The complaint filed in October stated that as of mid-July, the firm maintained Facebook and Instagram pages featuring links to its website and where customers could obtain information about its product.
Smart Women’s Choice’s website remained live but showed no content on 15 November; the phone number listed with the company’s Arizona business registration has been disconnected.
‘Market Tested’ Isn’t GRASE
The company responded in May 2021 to an FDA warning letter, submitted the same month to the firm’s former California address, disputing that the Smart Women’s Choice is a “drug” under FDA regulations and stating that the “product is market tested” and has been sold “for over seven years to many thousands of couples,” according to the complaint. (Also see "Ruining The Mood, US FDA Says Glycerin, Oleate Cream Not Approved As OTC Contraceptive" - HBW Insight, 25 May, 2021.)
The agency the following month further explained its policy in an email to the company. FDA officials said “immobilizing sperm,” “preventing fertilization” and other claims on the company’s website and social media pages rendered its product a drug under FDA regulations codified in 21 USC Sec. 321(k).
The officials also explained that the company’s claims regarding consumer testing does not demonstrate safety and efficacy because the agency, under 21 USC Sec. 331(d) and Sec. 355(a)(b) and (j), approves new drugs on the basis of scientific data and information demonstrating a drug is safe and effective for its intended uses.
However, Smart Women’s Choice replied the same day saying it intended to continue selling the product without FDA approval, according to the complaint.
And when the FDA in November 2021 requested a meeting to discuss the continued violations, Smart Women’s Choice company responded a month later by refusing to meet with the agency, “stating that the company’s position was “unalterable’.”
Glyercin, one of the ingredients in Smart Women's Choice cream, is commonly available in the US in wound and burn treatments and as a moisturizer to treat or prevent dry, rough, scaly, itchy skin and minor skin irritation.
The other ingredients are common in cosmetics and personal care lotions or foods: potassium oleate is a fatty acid with soap properties; castorate has cleansing, emulsifying, dispersing, solubilizing, lubricating and foaming qualities; mono- and di-glycerides are fatty acid chains that act as surfactants and are commonly used as emulsifiers to stop water and oil from separating.
Palmate commonly is defined as a natural leaf. Smart Women’s Choice didn’t explain the ingredient’s role in its products.
“FDA has conducted a comprehensive search of the publicly-available scientific and medical literature for [the Smart Women’s Choice] product and determined there are no published adequate and well-controlled clinical investigations or any other scientific literature demonstrating [the product is generally regarding as safe and effective] for its intended use as a contraceptive,” DoJ’s Consumer Protection Branch attorneys wrote in the complaint.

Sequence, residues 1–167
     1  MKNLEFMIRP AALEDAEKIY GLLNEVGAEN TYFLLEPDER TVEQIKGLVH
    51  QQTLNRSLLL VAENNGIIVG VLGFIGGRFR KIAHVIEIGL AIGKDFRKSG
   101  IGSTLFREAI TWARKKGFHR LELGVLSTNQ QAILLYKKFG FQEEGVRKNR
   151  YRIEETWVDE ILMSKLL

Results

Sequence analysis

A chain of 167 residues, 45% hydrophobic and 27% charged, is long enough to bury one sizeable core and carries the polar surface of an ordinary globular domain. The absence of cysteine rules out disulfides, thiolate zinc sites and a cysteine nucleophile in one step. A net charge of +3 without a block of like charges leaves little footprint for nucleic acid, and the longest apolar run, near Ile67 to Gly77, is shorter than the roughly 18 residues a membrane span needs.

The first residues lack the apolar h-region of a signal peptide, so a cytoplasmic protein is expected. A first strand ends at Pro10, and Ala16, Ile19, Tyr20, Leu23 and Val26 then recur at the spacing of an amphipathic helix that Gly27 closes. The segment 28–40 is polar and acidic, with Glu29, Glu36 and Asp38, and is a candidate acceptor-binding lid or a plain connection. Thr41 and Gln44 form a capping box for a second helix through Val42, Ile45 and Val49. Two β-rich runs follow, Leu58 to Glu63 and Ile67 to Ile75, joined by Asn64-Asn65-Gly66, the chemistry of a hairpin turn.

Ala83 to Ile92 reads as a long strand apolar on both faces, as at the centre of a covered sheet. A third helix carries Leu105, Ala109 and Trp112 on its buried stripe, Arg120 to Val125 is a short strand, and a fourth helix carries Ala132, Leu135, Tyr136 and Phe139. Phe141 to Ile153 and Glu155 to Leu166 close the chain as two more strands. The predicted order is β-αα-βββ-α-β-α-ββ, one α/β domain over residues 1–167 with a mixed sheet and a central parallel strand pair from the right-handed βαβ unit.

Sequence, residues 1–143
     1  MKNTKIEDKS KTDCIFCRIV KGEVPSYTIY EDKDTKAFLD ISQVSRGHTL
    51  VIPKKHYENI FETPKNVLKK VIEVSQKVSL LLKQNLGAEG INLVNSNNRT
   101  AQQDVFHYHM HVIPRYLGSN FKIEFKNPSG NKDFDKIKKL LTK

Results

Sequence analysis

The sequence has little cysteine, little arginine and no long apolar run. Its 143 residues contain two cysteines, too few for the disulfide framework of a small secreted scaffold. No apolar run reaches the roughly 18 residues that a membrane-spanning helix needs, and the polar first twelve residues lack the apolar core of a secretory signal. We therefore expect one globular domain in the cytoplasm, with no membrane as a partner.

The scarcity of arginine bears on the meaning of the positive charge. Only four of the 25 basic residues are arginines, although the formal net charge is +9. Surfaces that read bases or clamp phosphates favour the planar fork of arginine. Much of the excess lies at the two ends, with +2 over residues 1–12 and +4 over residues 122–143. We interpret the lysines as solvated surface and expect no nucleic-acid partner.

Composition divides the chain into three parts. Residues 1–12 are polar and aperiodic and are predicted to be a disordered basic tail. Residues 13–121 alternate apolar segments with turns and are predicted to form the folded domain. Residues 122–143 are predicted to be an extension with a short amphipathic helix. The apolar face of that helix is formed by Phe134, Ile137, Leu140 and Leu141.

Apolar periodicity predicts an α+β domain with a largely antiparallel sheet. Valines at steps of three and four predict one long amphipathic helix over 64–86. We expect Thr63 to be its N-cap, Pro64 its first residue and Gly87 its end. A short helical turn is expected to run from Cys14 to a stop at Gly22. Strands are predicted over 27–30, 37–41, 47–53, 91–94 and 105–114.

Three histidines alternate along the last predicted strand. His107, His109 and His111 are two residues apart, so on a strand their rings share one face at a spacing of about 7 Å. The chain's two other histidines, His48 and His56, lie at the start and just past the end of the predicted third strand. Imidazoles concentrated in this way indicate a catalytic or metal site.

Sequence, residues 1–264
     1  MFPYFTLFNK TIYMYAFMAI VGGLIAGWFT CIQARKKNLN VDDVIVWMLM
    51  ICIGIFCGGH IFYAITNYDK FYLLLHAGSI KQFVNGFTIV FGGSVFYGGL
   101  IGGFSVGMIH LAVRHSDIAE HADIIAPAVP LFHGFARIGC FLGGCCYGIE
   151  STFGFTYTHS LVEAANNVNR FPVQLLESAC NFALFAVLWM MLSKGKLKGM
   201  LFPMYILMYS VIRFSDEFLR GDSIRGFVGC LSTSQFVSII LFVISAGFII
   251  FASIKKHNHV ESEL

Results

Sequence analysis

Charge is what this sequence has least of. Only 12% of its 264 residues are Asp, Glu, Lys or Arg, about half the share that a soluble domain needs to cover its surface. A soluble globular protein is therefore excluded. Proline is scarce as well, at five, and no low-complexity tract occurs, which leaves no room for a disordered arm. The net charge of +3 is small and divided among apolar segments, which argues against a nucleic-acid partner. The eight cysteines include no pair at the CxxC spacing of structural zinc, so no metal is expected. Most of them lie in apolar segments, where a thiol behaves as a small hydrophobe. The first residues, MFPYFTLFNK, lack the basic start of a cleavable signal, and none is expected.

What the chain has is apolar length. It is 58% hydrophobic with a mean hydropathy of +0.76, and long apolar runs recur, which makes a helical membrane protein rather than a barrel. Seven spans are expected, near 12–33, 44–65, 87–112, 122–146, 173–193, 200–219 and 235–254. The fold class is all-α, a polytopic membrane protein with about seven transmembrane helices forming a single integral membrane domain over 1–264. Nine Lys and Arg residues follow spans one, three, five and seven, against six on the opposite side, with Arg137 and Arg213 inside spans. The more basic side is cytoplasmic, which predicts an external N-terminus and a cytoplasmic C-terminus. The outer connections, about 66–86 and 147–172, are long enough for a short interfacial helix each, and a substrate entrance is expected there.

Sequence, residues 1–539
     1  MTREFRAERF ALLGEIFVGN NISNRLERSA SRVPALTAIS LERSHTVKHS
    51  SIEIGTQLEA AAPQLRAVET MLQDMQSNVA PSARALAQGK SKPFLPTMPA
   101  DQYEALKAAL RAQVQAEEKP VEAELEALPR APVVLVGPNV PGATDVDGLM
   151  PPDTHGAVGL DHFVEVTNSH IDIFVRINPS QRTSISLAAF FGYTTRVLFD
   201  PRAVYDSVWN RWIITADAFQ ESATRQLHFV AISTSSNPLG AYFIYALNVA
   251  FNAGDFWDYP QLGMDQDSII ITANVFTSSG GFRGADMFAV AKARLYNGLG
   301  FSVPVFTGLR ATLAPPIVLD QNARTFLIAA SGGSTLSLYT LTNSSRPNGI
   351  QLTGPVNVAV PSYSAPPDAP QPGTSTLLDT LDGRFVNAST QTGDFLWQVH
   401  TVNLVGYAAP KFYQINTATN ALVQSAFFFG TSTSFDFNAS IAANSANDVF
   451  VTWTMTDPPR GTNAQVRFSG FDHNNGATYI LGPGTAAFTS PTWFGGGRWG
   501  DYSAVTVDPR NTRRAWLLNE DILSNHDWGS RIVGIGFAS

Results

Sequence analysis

They added that “qualified experts cannot come to a consensus [the product] is safe and effective for its intended use.
The attorneys, working with the FDA Office of General Counsel, also wrote in the complaint that “despite FDA’s repeated notifications, Defendants have demonstrated their unwillingness to comply with” FDA regulations and would continue “unless restrained by order of this Court.”
OTC Contraceptive Approved
Since Smart Women's Warning
Although the FDA regularly warns firms that dietary supplement products, and less often food and topical products, are unapproved drugs because they’re marketed with claims for preventing or treating diseases and other health conditions, a lotion available OTC and marketed with claims as a contraceptive was a rare find for the FDA.
No daily oral contraceptive had been approved for OTC sales in the US when the FDA warned Smart Women’s Choice. Since then, the agency approved Perrigo Company PLC business HRA Pharma’s supplemental new drug application for a full Rx-to-OTC switch of 0.075-mg norgestrel branded Opill and for sales without age restrictions. (Also see "First OTC Birth Control Pill Approved In US Will Launch With Three-Year Market Exclusivity" - HBW Insight, 13 Jul, 2023.)
The approval in July 2023 came 60 years after Rx birth control's initial approval in the US and one year after both HRA submitted the sNDA and the Supreme Court decided in Dobbs v. Jackson (Mississippi) Women’s Health Organization to allow states to regulate access to abortion services. (Also see "Allowing States To Ban Abortion Services Increases Calls For Making Birth Control Available OTC" - HBW Insight, 24 Jun, 2022.)
Additionally, President Biden weeks earlier had issued an executive order on expanding access to birth control in the US including OTC access to oral contraceptives. The executive order was the Biden administration’s third on reproductive health care access since the Supreme Court’s Dobbs decision. (Also see "Biden Calls For Expanding Access To Reproductive Health Care, Including OTC Oral Contraceptives" - HBW Insight, 23 Jun, 2023.)
Perrigo plans to launch Opill sales in the 2024 first quarter.